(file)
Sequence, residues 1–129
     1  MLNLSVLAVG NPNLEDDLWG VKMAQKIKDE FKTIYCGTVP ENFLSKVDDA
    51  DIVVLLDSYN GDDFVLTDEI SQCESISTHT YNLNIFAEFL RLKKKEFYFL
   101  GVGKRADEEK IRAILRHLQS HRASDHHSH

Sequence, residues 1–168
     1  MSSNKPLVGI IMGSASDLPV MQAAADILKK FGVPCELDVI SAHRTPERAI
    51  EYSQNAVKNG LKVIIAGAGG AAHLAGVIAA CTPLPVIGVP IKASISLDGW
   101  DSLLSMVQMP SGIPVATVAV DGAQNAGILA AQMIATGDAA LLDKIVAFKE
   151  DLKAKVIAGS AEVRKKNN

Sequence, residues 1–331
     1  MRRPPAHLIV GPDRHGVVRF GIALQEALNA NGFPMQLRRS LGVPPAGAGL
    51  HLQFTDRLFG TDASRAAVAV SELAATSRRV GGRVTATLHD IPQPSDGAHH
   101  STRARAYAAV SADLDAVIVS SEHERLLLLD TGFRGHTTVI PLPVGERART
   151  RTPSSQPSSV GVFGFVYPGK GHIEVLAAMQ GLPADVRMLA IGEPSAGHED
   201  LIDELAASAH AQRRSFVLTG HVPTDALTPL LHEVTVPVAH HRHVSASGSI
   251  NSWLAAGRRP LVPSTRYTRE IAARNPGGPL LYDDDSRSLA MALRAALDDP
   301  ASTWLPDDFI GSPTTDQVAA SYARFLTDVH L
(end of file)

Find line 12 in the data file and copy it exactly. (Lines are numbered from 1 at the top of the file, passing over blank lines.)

    51  HLQFTDRLFG TDASRAAVAV SELAATSRRV GGRVTATLHD IPQPSDGAHH